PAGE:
Kicking your customer experience (CX) into high gear requires an intimate knowledge of your customers’ journey from start to finish. To map out this journey accurately, your organization will need to dive deep to discover what you’re doing well and what pain points are potentially harming your CX.


For the past few weeks, I’ve answered journey mapping questions that viewers had during my Qualtrics’ CX Week webinar “10 Ways To Use Customer Journey Maps” as a part of CX Week™, presented by Qualtrics. (You can download the slides or watch the webinar at under the Wednesday agenda.)


In parts one and two of this series, I talked about the elements of a journey map and how to run a journey mapping workshop. This week I’ll focus on the research you need to do to effectively map and validate your customer journey.


Which is more effective: Creating journey maps based on actual customer stories or creating journey maps based on stories created (imagined) by employees?


Customer journeys that are not based on real customer stories can be incredibly dangerous—because they’re filled with assumptions that might be incomplete or downright wrong. That said, you’ve got to start your journey mapping process somewhere, and assumption-based journey maps are a natural place to begin. Even if the journey these assumptions depict isn’t completely accurate, they’re a valuable tool for getting employees to empathize with customers and highlighting spots where additional customer research is needed.


Here’s the process I would recommend following: Create an assumption journey map with employees from various departments — that way, you can draw on their various perspectives and insights. Then go out and do qualitative research with customers to validate (or invalidate) those journeys. This can include at-home ethnography, diary studies or one-on-one interviews.


One time- and cost-efficient research method is to bring multiple customers in to participate in one day of your workshop, have them walk through the assumption journey maps, and then ask them to change the maps to match their own collective reality.


Without quantitative research data, what is best practice for determining emotional state throughout a customer’s journey?


It’s important to understand the relationship between quantitative and qualitative data — and what kind of insights each can provide.


Quantitative data is great at helping you understand customers’ overarching attitudes towards your company, where their pain points are and what they do as they interact with you. What you can’t get from quantitative inputs like surveys, web analytics, purchase history, etc. is a deep or nuanced understanding of customers’ underlying emotions, attitudes or motivations—or what exactly an ideal solution to their problems looks like. For that, you need to complement your quantitative data with qualitative research like observations and one-on-one interviews. I’d suggest inviting your customers to a journey mapping workshop where you can ask them directly about their thoughts and feelings at each step of the journey.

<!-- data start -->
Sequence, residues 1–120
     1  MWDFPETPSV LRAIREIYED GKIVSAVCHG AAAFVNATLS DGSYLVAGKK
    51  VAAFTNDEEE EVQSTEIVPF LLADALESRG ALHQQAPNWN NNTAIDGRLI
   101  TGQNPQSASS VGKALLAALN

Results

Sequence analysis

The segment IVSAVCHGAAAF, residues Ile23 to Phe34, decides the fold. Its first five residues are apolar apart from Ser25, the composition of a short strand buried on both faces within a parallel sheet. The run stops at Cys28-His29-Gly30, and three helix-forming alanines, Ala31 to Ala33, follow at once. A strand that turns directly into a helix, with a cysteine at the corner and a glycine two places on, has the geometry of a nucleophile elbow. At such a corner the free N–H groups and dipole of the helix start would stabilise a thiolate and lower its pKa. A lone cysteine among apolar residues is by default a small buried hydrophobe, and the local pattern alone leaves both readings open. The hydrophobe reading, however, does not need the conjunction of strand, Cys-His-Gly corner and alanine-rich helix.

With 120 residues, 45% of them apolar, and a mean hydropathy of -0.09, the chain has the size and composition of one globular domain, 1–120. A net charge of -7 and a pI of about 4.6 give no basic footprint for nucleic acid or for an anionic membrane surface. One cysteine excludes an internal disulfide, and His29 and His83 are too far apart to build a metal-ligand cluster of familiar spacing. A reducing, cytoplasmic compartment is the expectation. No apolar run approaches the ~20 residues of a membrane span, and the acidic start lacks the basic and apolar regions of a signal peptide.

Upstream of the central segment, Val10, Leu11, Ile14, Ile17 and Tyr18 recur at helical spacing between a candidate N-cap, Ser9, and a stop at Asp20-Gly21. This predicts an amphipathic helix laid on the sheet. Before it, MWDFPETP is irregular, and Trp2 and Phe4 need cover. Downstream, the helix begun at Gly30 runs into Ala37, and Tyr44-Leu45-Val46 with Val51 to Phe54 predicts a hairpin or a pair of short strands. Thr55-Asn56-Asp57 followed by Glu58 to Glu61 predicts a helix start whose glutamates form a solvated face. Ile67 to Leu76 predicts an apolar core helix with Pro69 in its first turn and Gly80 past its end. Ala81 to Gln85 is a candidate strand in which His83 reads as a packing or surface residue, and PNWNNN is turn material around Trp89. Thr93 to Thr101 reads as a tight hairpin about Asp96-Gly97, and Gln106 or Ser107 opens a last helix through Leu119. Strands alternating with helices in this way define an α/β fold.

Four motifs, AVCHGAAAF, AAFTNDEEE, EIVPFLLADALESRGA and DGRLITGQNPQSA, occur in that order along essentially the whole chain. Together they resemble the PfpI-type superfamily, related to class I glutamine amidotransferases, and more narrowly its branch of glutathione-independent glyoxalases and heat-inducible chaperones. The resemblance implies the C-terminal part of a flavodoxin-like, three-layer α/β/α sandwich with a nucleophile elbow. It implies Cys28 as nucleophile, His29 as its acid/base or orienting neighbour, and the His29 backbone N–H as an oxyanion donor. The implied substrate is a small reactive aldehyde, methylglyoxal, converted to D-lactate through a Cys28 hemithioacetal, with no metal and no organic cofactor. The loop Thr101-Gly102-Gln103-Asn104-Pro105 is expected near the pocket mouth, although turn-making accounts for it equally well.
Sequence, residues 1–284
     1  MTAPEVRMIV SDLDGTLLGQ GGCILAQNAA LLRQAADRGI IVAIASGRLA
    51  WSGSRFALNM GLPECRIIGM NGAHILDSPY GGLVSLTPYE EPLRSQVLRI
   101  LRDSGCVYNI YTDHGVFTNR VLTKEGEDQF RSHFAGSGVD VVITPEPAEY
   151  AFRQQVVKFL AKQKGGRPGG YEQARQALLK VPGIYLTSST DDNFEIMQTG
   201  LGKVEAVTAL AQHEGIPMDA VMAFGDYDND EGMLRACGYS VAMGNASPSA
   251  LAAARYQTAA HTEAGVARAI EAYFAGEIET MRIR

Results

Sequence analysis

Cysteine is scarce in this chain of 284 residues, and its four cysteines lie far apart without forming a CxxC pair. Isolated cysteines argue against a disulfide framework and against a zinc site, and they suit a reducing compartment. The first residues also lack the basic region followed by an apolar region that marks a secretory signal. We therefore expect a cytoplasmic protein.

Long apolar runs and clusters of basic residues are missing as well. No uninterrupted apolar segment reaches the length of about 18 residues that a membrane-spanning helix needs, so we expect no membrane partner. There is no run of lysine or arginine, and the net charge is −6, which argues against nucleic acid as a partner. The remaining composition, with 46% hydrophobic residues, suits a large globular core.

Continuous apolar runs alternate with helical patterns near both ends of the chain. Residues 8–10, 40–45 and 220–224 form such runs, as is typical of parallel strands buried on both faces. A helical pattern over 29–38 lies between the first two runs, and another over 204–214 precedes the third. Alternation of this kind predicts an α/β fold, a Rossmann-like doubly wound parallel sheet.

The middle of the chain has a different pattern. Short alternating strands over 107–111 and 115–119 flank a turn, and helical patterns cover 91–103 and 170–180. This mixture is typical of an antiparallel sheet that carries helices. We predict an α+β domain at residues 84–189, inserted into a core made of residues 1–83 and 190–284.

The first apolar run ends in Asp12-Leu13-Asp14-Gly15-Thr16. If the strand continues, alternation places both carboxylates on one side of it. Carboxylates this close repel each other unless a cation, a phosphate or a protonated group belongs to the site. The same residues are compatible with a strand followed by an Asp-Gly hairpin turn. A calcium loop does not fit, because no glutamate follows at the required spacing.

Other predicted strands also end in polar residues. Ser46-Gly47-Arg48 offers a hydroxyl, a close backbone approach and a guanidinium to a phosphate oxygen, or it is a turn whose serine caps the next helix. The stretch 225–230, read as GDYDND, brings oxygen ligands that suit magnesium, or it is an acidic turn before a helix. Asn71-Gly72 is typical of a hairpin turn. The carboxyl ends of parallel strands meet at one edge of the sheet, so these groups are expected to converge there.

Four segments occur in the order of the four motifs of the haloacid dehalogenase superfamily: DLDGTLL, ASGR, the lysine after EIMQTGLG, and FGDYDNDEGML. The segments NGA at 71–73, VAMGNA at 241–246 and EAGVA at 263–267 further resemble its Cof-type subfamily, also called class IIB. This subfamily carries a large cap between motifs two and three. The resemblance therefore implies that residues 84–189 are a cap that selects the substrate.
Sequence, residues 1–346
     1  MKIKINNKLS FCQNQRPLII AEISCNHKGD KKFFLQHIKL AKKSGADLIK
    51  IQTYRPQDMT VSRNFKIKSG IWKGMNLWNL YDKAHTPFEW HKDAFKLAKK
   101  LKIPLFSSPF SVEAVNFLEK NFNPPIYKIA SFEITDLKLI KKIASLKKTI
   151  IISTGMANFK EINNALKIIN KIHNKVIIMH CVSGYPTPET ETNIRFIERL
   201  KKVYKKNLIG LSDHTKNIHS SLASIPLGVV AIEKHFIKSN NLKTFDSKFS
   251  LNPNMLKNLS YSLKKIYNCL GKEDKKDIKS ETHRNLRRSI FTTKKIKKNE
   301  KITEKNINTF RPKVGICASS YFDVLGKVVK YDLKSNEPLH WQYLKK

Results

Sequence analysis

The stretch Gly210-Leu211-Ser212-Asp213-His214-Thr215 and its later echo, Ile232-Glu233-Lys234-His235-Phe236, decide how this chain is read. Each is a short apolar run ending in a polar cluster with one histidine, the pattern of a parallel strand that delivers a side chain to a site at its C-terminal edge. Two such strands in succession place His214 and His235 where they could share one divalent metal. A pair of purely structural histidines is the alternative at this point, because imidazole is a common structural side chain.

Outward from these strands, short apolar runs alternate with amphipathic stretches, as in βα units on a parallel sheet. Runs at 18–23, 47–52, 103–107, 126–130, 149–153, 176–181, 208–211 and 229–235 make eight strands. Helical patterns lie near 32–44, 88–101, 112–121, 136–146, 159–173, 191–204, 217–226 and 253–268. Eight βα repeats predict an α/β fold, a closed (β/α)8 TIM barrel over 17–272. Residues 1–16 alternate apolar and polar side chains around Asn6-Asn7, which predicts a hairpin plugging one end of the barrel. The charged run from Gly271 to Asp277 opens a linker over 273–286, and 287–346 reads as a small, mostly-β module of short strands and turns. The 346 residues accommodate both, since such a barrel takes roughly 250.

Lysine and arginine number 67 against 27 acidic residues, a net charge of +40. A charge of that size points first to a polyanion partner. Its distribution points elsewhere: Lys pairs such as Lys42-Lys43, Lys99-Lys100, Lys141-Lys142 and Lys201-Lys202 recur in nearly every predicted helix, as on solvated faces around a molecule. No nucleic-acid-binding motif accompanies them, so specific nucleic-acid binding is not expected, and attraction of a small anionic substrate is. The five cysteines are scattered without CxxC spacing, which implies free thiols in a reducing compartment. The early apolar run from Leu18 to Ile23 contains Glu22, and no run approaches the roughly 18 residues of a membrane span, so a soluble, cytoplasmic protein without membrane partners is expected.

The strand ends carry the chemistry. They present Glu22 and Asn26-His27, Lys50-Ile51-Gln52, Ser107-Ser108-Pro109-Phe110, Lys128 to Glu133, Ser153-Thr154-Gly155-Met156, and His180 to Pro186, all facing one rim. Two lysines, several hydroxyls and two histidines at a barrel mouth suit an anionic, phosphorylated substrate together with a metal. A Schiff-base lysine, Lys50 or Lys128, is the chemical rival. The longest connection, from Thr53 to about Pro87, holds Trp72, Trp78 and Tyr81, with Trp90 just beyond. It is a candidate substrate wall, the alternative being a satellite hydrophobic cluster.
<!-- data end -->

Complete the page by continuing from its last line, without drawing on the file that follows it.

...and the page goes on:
Are there some tips you can share in regards to how customer journey mapping exercises pertain to business-to-business (B2B) corporate experiences, especially with large corporate customers where you have often more than one stakeholder interacting with the provider in a journey?


I work with many B2B companies, and journey mapping is just as valid and important as it is with their business-to-consumer (B2C) counterparts. In each type of business, you have to start with your persona — whose journey are you mapping out?


Just like B2C companies, B2B organizations often have several different personas whose journeys need to be mapped. But while a B2C company’s persona journeys may never cross paths, the journeys of a B2B organization’s personas may be intricately connected.


Consider the journey of a Chief Financial Officer who has to approve a major software purchase. She hands off the details of the transaction to her finance team before adding her signature. As soon as the paperwork is in place, the client’s Chief Technology Officer steps in to oversee the integration of this new software platform. And then, throughout the onboarding process, the company’s developers and system administrators step in for the required customization. Towards the end of the journey, the internal training team ensures a successful rollout to the company’s employees.


While each of these roles may need to have a detailed journey map, the unified journey — including key handoffs amongst the various roles — is often equally important. Don’t shy away from high-level journey maps that illustrate the flow of actions and information from role to role.


Effective B2B journey mapping also involves extensive customer research. The B2B companies I’ve worked with bring in employees from their clients’ organizations to participate in workshops. While this may initially seem like a recruiting challenge, B2B journey mapping participants are usually more than happy to take part in an initiative that will help make their jobs easier.


If you have additional questions about journey mapping — or would like to share a story about your own journey mapping experience — please leave a comment!


To learn more about customer journey mapping, check out the other posts in this series, “Journey Mapping Q&A: Anatomy of a Customer Journey Map” and “Journey Mapping Q&A: Customer Journey Mapping Workshops.” 



Bio: Kerry Bodine is customer experience consultant and the co-author of Outside In: The Power of Putting Customers at the Center of Your Business. She’d love to help with your customer journey mapping initiatives. Follow her on Twitter at @kerrybodine.